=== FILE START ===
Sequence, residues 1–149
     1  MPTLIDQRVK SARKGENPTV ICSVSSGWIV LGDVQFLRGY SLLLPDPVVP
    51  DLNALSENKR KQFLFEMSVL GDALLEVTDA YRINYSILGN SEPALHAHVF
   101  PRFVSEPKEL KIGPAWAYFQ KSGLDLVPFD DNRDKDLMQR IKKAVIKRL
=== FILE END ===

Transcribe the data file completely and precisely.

Sequence, residues 1–149
     1  MPTLIDQRVK SARKGENPTV ICSVSSGWIV LGDVQFLRGY SLLLPDPVVP
    51  DLNALSENKR KQFLFEMSVL GDALLEVTDA YRINYSILGN SEPALHAHVF
   101  PRFVSEPKEL KIGPAWAYFQ KSGLDLVPFD DNRDKDLMQR IKKAVIKRL